Collier County: science textbooks promote “utter nonsense”

Some media outlets are now reporting on the kerfuffle the Florida Citizens’ Alliance is causing over science textbooks under consideration for purchase by the Collier County school board.

The most important report is the Tampa Bay Times’ Gradebook Blog podcast: Inside the debate over Florida textbooks. It’s well worth your time to listen.

With the rise of Common Core, some conservative Florida groups began taking a closer look at what information appeared in school textbooks and other materials. They found “objectionable” content in some districts, and have continued to raise complaints since. Along the way, they worked with lawmakers to make it easier to challenge textbooks. The issue is now coming to a head in Collier County. Keith Flaugh of the Florida Citizens Alliance and Eric Otto, an associate professor of humanities at Florida Gulf Coast University who has written on the issue, discuss the debate with reporter Jeff Solochek.

Flaugh’s main argument is that Florida law requires textbooks to be balanced. He believes that there are a lot of scientists who don’t think evolution is valid, therefore there needs to be balance in what’s taught about it in schools. He cites the book Darwin’s Doubt by Stephen Meyer as his proof, saying that it’s loaded with footnotes that demonstrate the abundance of evolution-doubting scientists. (The book was panned by many knowledgeable folks.)

Otto did a good job of revealing the Alliance’s motives. (And he gives a couple of shout-outs to us. Thanks, Eric!) Go. Listen. Now.

In other news …

WINK News has a video story: Group voices concern over new science textbooks in Collier County schools. It’s a typical local TV news piece that simply solicits folks’ opinions but doesn’t do any real reporting. But this is a great quote:

And parent Eric Otto said “Knowing some of the history of where they [Florida Citizens’ Alliance] stand ideologically. I think what they want is religion to balance science in a science class. To me that seems like teaching financial literacy in a english class.”

ABC 7 has this story: Florida group sues Collier schools over unbalanced science books. That’s a completely erroneous headline. The Alliance isn’t suing over the science textbooks, yet.

“I’m here to tell you that it’s not up to the school district to indoctrinate kids with one view as a proven fact rather than present both sides,” Flaugh said.

He said evolution should be taught along with creationism, and that climate change should be taught with an alternative viewpoint too.

He want’s balance in education.

The Naples Daily News: Evolution? Climate change? Debate over science textbooks renewed in Collier County.

Harris said the book [“Miller & Levine Biology” by publisher Pearson Education Inc.] promotes the “utter nonsense” claims surrounding Darwin’s theory of evolution, “wrongly claiming that DNA evidence unambiguously supports common ancestry of all living organisms” and “ignoring the growing body of scientific evidence that show that there is not enough time in the fossil record to generate many complex features we see in life.”

“Every year seems there’s an effort to give citizens more say in the materials that get used in the classrooms,” Hartley said. “Will parents eventually have a say in what their children learn, or will their child’s education be overridden by political groups?”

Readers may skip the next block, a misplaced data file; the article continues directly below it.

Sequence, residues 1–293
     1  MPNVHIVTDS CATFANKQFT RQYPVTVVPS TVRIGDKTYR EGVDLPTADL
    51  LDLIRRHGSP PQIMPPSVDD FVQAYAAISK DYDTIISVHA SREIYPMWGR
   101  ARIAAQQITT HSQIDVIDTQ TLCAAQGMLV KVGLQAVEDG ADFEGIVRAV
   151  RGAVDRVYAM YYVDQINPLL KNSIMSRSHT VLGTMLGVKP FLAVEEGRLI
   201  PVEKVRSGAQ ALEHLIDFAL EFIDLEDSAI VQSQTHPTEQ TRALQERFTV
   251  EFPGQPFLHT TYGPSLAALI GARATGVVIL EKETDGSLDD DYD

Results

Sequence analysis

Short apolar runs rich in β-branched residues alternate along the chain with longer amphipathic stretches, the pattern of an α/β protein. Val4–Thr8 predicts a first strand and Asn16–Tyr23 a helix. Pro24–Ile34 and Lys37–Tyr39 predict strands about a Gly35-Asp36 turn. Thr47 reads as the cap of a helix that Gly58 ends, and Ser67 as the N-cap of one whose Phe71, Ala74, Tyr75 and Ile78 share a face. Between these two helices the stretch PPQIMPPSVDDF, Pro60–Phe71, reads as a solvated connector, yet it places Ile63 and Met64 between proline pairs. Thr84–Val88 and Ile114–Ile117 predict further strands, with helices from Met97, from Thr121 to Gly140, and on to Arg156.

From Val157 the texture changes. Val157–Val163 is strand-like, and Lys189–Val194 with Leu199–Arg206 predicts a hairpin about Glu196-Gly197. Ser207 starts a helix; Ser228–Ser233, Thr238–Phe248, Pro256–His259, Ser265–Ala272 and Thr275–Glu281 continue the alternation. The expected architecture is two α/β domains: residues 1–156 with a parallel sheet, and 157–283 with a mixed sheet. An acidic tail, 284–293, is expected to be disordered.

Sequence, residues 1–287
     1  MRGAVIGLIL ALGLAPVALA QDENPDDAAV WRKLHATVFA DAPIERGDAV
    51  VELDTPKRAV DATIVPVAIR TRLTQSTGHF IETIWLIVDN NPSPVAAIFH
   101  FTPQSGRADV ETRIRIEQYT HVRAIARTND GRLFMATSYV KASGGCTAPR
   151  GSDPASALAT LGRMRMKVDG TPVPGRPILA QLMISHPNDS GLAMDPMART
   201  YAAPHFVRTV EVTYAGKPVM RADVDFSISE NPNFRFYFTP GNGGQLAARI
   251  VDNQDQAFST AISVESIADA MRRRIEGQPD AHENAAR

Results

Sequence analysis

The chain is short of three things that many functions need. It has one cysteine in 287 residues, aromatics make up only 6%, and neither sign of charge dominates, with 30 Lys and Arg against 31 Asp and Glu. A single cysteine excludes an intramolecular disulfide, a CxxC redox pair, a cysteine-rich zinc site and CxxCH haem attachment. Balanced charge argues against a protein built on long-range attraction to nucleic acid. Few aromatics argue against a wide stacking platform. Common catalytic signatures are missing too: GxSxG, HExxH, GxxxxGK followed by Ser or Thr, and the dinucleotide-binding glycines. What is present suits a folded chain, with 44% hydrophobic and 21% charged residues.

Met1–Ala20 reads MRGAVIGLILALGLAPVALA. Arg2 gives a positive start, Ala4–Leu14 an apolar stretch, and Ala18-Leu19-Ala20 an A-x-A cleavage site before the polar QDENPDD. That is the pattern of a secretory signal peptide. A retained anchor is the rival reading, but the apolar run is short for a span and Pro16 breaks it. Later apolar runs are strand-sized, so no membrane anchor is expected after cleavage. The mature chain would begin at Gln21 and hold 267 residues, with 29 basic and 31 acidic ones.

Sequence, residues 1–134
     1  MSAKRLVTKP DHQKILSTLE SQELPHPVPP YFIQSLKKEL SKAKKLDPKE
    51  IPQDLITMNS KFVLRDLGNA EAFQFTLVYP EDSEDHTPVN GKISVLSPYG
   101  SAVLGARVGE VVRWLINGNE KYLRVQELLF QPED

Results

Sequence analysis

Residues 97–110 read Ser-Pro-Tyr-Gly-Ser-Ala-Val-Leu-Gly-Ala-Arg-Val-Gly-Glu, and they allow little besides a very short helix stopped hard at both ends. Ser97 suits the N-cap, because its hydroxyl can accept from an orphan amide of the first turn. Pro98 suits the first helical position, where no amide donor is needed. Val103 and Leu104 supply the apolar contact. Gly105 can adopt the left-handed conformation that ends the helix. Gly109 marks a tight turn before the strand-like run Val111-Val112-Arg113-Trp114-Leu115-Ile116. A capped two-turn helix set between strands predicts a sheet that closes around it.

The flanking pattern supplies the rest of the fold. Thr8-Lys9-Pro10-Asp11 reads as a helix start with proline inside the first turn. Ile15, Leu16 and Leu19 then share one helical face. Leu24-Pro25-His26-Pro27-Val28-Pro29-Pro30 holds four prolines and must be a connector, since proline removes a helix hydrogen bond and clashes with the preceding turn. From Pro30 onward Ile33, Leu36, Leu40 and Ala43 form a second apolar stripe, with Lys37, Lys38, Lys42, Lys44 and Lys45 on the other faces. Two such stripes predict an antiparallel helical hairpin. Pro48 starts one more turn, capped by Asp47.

The Comic Book Legal Defense Fund has been a staunch supporter of our efforts here at Florida Citizens for Science and we’re happy to see they’re staying on top of the Collier County situation: Florida Group Upset Over Absence of Creationism in Science Textbook.

To help school districts with fight unnecessary challenges designed to waste their time and resources, CBLDF has organized with other likeminded freedom to read advocates and created the Florida Education Defenders. The organization works to limit the negative effects of HB 989 by:

  • Tracking book challenges in the press and through confidential reports
  • Sharing resources on book adoption and challenges, including guidance for defending science texts
  • Providing guidance to teachers confronting challenges
  • Supporting administrators with policy guidance and best practices for reviewing instructional materials
  • Mobilizing the Florida education community to advocate for policy and legislative reforms

Anyone who learns of a challenge in Florida is encouraged to report book challenges online. The form can be found here.

Florida Education Defenders is a joint effort by CBLDF, National Coalition Against Censorship, Florida Citizens for Science, Florida Conference of Historians, Florida Education Association, American Library Association, Authors Guild, National Council of Teachers of English, and PEN America.

About Brandon Haught

Communications Director for Florida Citizens for Science.
This entry was posted in Textbooks. Bookmark the permalink.

One Response to Collier County: science textbooks promote “utter nonsense”

  1. Pierce R. Butler says:

    … that seems like teaching financial literacy in a english class.

    Ummm… except that financial literacy is of great practical use to almost everybody.

    Religion – let’s just say, not so much.

    (Even a scoffer like myself has to admit surprise that the comic book industry now provides more educational value than, say, the Presidency…)

Comments are closed.